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25 Years Indoors: 1972 Triumph GT6 Mk 3

Here’s one that’s been idle since before the turn of the century! This 1972 Triumph GT6 Mk 3 is located in West Grove, Pennsylvania, and is up for auction here on eBay. At the time of writing, the bid had climbed to just over $3,000, with more than three days left and no reserve!

Plans for a six-cylinder version of the new Spitfire were in the works before the first of the wildly successful roadsters rolled out of the factory in 1962. For evidence, one need look no further than the official name of the first generation: the Spitfire 4. Yet the Spitfire would never receive the larger engine; instead, in 1963 Giovanni Michelotti would begin work on a GT version of the little convertible. It was found, though, that the extra weight of the GT body wrote checks that the 1,147cc inline-4 couldn’t cash. The GT project was shelved… until Spitfires equipped with a fiberglass version of the fastback body won their class at Le Mans in 1965. Pushed to strike while the iron was hot, the engineers at Triumph chose to revisit the steel-bodied GT, this time addressing the performance issues by equipping it with the 2.0L inline-6 of the Triumph Vitesse.

This car is an example of the third and last generation of the GT6– production would end in 1973. On the plus side, by this point, most of the kinks had been worked out. The early cars shared the Spitfire’s rear camber issues that could lead to sudden oversteer in corners, a problem only made worse by the GT6’s additional power. By the time the Mk3 came around, however, this had mostly been worked out. On the other hand, the later cars had to deal with the ever-changing requirements of U.S. safety regulations, and the bone-in-teeth bumper coupled with the rubber dagmars don’t do the front of the car any favors.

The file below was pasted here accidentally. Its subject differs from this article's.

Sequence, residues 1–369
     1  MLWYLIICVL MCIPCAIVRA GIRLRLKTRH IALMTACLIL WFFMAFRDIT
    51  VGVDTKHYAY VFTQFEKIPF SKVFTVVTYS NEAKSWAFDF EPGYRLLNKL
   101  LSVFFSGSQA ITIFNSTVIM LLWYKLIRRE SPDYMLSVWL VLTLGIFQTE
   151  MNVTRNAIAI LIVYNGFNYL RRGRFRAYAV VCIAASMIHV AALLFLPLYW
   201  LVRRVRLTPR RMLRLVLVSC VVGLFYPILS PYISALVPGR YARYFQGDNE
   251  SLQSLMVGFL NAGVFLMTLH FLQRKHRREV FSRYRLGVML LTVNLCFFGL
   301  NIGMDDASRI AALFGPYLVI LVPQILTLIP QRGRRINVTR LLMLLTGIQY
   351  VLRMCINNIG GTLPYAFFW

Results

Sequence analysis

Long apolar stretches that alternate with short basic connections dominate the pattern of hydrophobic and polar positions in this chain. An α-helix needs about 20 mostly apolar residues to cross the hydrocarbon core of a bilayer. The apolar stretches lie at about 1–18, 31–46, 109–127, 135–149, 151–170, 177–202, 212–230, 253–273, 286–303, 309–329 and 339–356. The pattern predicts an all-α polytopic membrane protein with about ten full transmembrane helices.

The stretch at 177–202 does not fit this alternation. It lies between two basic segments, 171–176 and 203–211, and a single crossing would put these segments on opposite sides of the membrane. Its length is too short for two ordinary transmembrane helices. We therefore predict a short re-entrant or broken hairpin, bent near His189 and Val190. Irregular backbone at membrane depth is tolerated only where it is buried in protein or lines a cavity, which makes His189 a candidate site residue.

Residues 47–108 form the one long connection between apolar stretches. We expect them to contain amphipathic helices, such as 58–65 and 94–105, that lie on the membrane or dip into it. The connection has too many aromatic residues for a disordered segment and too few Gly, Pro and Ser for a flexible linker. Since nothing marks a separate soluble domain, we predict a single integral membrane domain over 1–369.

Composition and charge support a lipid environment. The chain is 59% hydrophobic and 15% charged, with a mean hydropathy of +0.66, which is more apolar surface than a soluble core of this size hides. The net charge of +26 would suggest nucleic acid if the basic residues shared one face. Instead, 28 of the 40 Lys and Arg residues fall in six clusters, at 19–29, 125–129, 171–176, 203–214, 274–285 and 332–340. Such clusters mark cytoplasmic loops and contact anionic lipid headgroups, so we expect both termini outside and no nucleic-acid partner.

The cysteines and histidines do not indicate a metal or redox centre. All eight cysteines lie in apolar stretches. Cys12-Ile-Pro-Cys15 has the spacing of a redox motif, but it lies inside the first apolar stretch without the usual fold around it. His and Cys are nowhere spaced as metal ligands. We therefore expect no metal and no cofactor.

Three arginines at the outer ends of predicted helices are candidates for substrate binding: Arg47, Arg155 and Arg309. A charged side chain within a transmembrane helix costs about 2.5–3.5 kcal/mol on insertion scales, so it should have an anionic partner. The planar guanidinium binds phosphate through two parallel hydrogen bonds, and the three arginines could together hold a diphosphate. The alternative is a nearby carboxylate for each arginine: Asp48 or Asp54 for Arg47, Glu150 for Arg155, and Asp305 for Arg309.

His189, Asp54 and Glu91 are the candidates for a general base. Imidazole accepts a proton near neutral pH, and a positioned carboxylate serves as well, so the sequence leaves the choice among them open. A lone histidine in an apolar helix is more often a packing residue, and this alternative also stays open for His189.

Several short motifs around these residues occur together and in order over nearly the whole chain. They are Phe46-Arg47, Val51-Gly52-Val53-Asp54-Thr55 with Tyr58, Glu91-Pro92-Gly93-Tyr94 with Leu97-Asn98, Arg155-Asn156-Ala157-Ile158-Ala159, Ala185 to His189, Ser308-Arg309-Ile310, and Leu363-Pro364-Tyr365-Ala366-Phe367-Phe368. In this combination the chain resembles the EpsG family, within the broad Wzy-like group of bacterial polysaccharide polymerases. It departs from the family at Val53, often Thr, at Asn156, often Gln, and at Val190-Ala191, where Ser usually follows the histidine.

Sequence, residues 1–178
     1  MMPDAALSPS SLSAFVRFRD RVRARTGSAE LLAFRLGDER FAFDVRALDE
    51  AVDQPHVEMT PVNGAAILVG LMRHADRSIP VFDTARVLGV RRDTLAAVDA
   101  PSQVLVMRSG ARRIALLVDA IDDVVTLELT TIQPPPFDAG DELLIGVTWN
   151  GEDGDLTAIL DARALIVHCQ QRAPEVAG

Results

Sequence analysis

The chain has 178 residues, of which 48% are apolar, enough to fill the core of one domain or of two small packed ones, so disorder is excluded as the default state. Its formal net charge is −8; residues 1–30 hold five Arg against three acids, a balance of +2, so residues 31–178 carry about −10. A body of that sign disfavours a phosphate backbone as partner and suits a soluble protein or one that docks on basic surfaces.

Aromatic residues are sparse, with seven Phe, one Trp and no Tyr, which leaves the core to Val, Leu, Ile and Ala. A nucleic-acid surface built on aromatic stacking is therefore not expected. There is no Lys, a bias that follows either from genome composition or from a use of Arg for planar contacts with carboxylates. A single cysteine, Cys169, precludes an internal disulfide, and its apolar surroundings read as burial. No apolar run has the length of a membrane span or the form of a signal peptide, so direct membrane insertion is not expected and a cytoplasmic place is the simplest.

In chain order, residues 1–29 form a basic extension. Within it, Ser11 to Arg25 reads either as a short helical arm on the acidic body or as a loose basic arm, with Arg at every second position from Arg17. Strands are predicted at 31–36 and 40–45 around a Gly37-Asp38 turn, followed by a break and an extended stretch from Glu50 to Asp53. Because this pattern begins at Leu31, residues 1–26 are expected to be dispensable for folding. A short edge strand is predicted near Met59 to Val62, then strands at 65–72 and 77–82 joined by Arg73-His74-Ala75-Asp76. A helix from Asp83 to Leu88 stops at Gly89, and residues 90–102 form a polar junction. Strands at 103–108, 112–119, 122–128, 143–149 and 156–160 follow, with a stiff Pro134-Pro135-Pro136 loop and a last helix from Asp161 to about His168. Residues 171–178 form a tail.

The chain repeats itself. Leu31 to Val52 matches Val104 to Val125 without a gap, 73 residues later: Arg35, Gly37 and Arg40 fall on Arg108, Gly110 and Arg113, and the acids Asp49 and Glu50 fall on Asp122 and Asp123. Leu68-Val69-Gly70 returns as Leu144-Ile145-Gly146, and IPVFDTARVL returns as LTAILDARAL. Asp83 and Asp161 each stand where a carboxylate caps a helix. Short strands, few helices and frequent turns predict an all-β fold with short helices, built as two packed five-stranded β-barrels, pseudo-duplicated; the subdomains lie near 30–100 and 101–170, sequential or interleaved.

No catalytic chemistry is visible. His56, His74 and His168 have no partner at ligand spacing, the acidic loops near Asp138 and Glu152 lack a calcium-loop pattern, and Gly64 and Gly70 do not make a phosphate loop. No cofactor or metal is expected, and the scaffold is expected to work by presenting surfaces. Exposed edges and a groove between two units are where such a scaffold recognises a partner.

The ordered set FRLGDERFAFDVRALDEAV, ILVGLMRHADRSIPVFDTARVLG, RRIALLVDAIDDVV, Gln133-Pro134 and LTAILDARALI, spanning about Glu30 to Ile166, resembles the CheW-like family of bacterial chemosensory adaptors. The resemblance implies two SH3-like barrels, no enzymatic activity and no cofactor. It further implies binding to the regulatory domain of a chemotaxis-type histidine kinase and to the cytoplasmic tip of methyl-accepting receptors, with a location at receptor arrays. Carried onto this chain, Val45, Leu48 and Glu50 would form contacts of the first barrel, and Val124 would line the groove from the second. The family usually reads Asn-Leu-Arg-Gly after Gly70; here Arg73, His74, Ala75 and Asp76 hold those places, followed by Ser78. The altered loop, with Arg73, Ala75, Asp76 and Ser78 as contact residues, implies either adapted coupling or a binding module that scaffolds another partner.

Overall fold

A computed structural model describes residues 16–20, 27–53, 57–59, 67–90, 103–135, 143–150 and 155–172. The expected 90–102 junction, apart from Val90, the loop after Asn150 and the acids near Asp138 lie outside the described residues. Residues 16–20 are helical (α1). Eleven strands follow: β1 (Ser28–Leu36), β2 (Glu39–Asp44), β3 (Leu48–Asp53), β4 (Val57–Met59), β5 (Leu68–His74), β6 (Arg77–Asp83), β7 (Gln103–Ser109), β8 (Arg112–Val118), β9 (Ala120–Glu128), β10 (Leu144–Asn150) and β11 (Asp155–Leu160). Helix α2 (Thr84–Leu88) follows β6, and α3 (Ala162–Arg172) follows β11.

The paint and interior codes reveal that the car was originally sapphire blue with a black interior. But although it may be original, it would be a rare owner that wouldn’t opt to attend to the crazed and flaking paint, especially with evidence of rust in the rockers. A stunning automobile when in top form, parts– while not always common– are not so rare, and the GT6 enjoys a large community of devotees to either provide support or commiserate. Far worse examples have been brought back from the brink. Here’s hoping that this “Poor Man’s Jag” finds a new life, and new roads, with a new owner.


  1. bobhess bobhess Member

    If the underside is good this will be a great project. These are fun cars and a very good looking design.

    Like 11
  2. Pit Stop Pauly

    Thanks for the history lesson, but does it run? Crank, turn over, drive?

    Like 1
  3. Cobra Steve

    The GT6 is not a poor man’s Jag. An E-Type is an overgrown GT6. Proportions are much more attractive on the GT6 IMHO.

    Like 1
  4. Greg Millard

    MAY have a Laycock de Normanville OD? Grt cars –

    Like 0
  5. FrankD

    If it’s not a rust bucket go for it.

    Like 2
  6. JMB#7

    Bidding is up to $5,100. Still looks like a good value at that price. Appears very complete, and the rust (rockers) seem manageable. When shopping for a GT6 in the mid 1980, I found many that were not nearly as good as this. Most of them are probably parts or scrap now. The Mk3 styling grows on you and is probably the one to have if you intend to drive it.

    Like 2
  7. Cobra Steve

    VIN did not have the letter “O” suffix which would denote factory overdrive. The gearshift selector knob appears to be of wood and would not have the overdrive slide switch (for third and fourth gears) on the top of it…nor did there appear to be an earlier Mk I or Mk II stalk behind the turn signal switch for the same overdrive function. Likely no overdrive but photos of the transmission would show either the overdrive unit or the solenoid for the same if so equipped.

    Like 2
  8. Stevieg

    My stepfather had a twin of this car, or this might have been his!
    He kept it in our garage when he was dating my Mom. I was a teenaged gear-head, and found the car to be too much of a temptation. I “borrowed” it many times, and kept getting caught (I never was real slick lol). I recall it being slow as molasses, not what I expected for such a small car with a 6 cylinder & stick shift.
    Finally he sold it right around 1988.
    If this is his old car, I don’t think I would buy it. It looked real nice, but there were severe rust issues with it back then.
    All I remember from when he sold it was it went to the east coast. Makes me think this may have been his.

    Like 0

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